Being an author isn't the easiest profession. In fact, a writer's mind can deteriorate very quickly. Usually by 9AM. (Earlier if I've stayed up writing until 3AM.)
My partner often sighs in frustration at the fact that he has to repeat things to me. I often fail to hear him because I'm usually thinking about my next chapter / my next deadline / whether a character should behave the way they do in the narrative / whether I should be publishing such a secret and sensitive story in the first place / whether I can finish writing 3 books by the end of November / whether that Paris hotel reimbursed me (and how I should really reconcile those credit card slips) / whether the dogs have had their worming tablets / whether I've bought my niece an 18th birthday present / if I need to take a gift to our friends' house tomorrow / whether we move to New York next year / whether I've called the locksmith and electrician / how I'm going to manoeuvre 30 people around 20 gardens in 8 days.
As you can see, a writer is often quietly
I'm sure there are other jobs that require a person to have a peripatetic mind, but I just can't think of one at the moment. I'm too preoccupied.
There is one thing I will always have time to stop my stream-of-consciousness thoughts for though, and that's encouraging people to write.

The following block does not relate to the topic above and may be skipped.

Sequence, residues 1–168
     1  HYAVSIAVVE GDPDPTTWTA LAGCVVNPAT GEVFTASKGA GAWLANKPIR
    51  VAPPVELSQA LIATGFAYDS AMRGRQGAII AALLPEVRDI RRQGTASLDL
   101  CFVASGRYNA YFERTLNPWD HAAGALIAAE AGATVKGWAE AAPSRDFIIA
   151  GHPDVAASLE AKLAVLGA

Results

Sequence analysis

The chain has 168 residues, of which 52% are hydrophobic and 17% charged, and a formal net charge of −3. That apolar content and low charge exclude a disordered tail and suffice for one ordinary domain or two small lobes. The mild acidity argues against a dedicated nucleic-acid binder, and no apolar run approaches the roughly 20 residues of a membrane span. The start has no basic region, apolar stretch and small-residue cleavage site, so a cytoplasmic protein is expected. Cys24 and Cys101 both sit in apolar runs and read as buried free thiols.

I will always – always - try and inspire others to write, even if it's just prodding them to jot down their life story while they're still alive. Everyone has a story in them. Everyone has the ability to write. Most of those stories are wonderful. And most of the writing styles are fine. You don't need to be Hemingway to pen an enthralling memoir. Just start to write. Write as if your life depended on it.
Don't worry about the dog worming, the washing, the household accounting. Just sit down for a few hours and write. Do that every day (and I write between 9PM and 3AM, so I'm proof that there's always time in the day) and you'll have the beginnings of a great book before you know it. I promise you.
Don't even worry about creating a memorable first page. First pages are notoriously difficult. They'll hold you up. They'll make you cry. They'll kill you. They'll put you off writing for life.
Just start writing, and before you know it, you'll be on the 45th page. And that's when you'll realise that the 45th page would actually make a really great first page. (Then you can tweak things; it doesn't take much to flip chapters around.) As all good writers know: the strength of a book is in the editing.
But don't worry about editing yet. The most important thing is just to write.
And to stop worrying if you appear preoccupied.
If you're attempting to finish writing a book this month as part of NaNoWriMo month, here's some literary inspiration of an unconventional nature.
Just remember – all writers struggle. That's part of the profession. But the good ones are tenacious. It's the tenacious ones who get somewhere.
Good luck. I wish you all the best!
Have a lovely, writerly weekend.
(Image at very top: a fantastic painting of words by Liz Collini at the V&A, although I think the comma should be after 'indescribable', not 'paper', don't you?)